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About COPD

Cough

A chronic cough is usually the first symptom to occur. When it exists for more than three months a year for more than two years, in combination with sputum production and without another explanation, there is by definition chronic bronchitis. This condition can occur before COPD fully develops. The amount of sputum produced can change over hours to days. In some cases the cough may not be present or only occurs occasionally and may not be productive. Some people with COPD attribute the symptoms to a "smoker's cough". Sputum may be swallowed or spat out, depending often on social and cultural factors. Vigorous coughing may lead to rib fractures or a brief loss of consciousness. Those with COPD often have a history of "common colds" that last a long time

Shortness of breath

Shortness of breath is often the symptom that bothers people the most. It is commonly described as: "my breathing requires effort," "I feel out of breath," or "I can't get enough air in".Different terms, however, may be used in different cultures. Typically the shortness of breath is worse on exertion, of a prolonged duration, and worsens over time.In the advanced stages it occurs during rest and may be always present

Exacerbation

An acute exacerbation of COPD is defined as increased shortness of breath, increased sputum production, a change in the color of the sputum from clear to green or yellow, or an increase in cough in someone with COPD.This may present with signs of increased work of breathing such as fast breathing, a fast heart rate, sweating, active use of muscles in the neck, a bluish tinge to the skin, and confusion or combative behavior in very severe exacerbations. Crackles may also be heard over the lungs on examination with a stethoscope.

Cause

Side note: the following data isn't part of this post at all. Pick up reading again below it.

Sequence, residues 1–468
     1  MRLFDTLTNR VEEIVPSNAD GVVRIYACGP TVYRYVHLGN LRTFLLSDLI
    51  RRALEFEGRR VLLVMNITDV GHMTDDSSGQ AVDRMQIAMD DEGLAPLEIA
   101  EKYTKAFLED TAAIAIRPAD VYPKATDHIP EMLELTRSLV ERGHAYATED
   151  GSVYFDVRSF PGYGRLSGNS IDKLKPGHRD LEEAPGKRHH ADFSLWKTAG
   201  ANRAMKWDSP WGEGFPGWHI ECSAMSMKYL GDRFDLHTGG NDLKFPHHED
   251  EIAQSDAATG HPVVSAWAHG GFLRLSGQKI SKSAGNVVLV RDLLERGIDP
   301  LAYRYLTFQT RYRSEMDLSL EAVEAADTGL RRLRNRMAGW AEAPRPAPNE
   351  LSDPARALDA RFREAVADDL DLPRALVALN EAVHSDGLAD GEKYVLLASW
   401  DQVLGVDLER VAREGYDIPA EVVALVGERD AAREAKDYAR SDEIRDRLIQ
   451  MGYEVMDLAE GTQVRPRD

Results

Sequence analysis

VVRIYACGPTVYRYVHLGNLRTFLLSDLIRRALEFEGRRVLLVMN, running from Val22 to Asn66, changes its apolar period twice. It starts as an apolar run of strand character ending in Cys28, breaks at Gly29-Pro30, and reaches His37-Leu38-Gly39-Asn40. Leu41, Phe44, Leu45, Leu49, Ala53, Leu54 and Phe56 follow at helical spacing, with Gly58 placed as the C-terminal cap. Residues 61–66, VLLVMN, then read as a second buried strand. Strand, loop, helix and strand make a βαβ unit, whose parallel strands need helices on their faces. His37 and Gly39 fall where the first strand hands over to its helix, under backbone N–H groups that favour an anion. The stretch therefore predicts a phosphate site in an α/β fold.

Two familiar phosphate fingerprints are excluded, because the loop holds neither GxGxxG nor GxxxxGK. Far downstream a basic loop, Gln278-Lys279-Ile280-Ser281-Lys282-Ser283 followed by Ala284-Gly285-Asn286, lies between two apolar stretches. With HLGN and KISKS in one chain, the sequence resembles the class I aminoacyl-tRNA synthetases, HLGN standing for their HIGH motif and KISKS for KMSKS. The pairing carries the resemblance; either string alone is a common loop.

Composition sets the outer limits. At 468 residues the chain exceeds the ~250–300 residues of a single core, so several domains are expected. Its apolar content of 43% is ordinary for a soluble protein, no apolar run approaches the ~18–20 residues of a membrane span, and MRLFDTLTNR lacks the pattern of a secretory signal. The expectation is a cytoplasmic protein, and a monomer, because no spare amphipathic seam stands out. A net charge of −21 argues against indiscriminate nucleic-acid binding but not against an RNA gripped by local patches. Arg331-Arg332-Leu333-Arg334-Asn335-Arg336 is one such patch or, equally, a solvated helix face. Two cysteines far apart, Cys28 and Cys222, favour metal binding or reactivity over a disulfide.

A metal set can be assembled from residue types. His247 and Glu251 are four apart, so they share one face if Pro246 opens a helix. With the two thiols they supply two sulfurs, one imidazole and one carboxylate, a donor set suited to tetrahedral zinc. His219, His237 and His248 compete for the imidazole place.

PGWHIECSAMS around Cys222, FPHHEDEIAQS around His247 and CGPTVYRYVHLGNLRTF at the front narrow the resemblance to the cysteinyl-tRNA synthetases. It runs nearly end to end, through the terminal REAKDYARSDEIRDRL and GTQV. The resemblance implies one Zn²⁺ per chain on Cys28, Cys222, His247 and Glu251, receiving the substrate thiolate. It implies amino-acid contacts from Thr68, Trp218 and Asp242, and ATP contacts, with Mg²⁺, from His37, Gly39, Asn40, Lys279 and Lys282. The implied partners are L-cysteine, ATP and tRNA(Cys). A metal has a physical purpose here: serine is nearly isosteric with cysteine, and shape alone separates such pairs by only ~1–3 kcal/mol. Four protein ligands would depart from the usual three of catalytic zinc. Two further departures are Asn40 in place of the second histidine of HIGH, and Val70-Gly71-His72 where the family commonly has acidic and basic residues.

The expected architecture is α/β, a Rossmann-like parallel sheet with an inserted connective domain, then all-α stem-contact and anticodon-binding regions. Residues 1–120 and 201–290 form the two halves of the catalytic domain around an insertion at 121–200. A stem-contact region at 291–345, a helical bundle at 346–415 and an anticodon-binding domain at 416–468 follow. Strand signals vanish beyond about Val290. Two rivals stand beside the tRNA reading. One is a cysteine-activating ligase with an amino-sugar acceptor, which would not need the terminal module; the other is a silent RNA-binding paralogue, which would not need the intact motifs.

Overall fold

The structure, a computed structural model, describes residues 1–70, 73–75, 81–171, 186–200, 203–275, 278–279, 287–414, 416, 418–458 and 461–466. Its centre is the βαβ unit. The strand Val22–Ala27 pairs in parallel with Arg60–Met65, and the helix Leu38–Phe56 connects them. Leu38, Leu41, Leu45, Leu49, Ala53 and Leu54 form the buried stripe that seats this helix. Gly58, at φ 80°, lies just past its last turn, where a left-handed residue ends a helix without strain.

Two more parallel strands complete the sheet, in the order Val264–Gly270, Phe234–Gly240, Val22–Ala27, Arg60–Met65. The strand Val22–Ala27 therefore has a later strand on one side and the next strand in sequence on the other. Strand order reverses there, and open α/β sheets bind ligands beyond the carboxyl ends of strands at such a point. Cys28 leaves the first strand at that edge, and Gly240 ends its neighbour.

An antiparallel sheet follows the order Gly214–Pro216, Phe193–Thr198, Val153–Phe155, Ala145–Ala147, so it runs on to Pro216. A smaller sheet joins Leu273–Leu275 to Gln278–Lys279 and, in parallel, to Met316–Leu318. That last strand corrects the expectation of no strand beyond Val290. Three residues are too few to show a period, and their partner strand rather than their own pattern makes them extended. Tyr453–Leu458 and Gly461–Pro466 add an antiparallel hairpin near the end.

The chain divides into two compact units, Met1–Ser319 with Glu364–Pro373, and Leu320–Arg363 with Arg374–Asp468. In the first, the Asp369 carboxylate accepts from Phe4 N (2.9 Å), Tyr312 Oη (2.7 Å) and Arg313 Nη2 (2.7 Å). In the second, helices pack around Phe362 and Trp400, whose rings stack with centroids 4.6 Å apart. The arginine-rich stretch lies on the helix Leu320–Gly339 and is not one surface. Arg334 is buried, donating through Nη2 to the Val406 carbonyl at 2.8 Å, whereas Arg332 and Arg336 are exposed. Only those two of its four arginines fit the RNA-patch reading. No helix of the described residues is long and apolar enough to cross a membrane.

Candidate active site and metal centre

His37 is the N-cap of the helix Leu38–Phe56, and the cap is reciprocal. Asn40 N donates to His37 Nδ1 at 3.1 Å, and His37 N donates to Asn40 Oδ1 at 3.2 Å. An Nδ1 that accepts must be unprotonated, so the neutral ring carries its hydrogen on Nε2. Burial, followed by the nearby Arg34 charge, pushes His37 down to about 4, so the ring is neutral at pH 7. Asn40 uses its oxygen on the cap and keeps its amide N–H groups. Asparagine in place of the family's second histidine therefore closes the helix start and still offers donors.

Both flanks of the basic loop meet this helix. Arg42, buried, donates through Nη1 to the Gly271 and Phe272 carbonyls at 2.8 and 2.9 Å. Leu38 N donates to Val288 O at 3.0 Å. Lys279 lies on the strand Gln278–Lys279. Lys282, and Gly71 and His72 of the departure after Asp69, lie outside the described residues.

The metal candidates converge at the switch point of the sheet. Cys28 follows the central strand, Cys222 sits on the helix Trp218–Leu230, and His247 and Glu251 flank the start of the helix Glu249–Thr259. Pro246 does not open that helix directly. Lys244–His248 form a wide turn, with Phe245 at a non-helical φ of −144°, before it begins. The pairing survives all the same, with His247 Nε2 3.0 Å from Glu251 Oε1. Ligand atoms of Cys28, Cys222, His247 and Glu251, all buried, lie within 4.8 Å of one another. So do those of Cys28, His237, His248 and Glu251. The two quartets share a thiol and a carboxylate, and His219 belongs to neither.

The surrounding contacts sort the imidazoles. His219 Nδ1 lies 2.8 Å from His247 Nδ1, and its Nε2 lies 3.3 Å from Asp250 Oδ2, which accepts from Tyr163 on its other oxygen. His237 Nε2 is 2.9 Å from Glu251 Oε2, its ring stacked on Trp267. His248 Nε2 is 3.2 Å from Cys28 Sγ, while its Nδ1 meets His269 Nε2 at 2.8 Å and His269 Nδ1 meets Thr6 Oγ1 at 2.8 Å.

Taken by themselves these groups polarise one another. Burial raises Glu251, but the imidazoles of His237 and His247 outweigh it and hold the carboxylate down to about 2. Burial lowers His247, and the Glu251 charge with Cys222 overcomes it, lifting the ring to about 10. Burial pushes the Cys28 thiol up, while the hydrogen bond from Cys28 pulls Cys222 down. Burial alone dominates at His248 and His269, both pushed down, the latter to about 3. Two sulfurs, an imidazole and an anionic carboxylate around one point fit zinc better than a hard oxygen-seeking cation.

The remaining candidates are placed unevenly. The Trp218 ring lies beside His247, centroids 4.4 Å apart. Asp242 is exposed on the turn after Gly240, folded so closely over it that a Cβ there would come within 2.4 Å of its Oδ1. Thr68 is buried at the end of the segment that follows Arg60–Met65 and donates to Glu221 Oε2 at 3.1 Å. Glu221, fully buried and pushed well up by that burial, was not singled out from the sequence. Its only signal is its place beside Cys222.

The primary cause of COPD is tobacco smoke, with occupational exposure and pollution from indoor fires being significant causes in some countries.Typically these exposures must occur over several decades before symptoms develop. A person's genetic makeup also affects the risk.

Smoking

Percentage of females smoking tobacco as of the late 1990s early 2000s
Percentage of males smoking tobacco as of the late 1990s early 2000s. Note the scales used for females and males differ.

The primary risk factor for COPD globally is tobacco smoking. Of those who smoke about 20% will get COPD, and of those who are lifelong smokers about half will get COPD. In the United States and United Kingdom, of those with COPD, 80-95% are either current smokers or previously smoked.

Occupational exposures

Intense and prolonged exposure to workplace dusts, chemicals and fumes increase the risk of COPD in both smokers and nonsmokers. Workplace exposures are believed to be the cause in 10-20% of cases.In the United States they are believed to be related to more than 30% of cases among those who have never smoked and probably represent a greater risk in countries without sufficient regulations.

Pathophysiology

On the left is a diagram of the lungs and airways with an inset showing a detailed cross-section of normal bronchioles and alveoli. On the right is lungs damaged by COPD with an inset showing a cross-section of damaged bronchioles and alveoli

COPD is a type of obstructive lung disease in which chronic incompletely reversible poor airflow (airflow limitation) and inability to breathe out fully (air trapping) exist. The poor airflow is the result of breakdown of lung tissue (known as emphysema) and small airways disease known as obstructive bronchiolitis. The relative contributions of these two factors vary between people.[1] Severe destruction of small airways can lead to the formation of large air pockets—known as bullae—that replace lung tissue. This form of disease is called bullous emphysema.

Spirometry

Spirometry measures the amount of airflow obstruction present and is generally carried out after the use of a bronchodilator, a medication to open up the airways.Two main components are measured to make the diagnosis: the forced expiratory volume in one second (FEV1), which is the greatest volume of air that can be breathed out in the first second of a breath, and the forced vital capacity (FVC), which is the greatest volume of air that can be breathed out in a single large breath.

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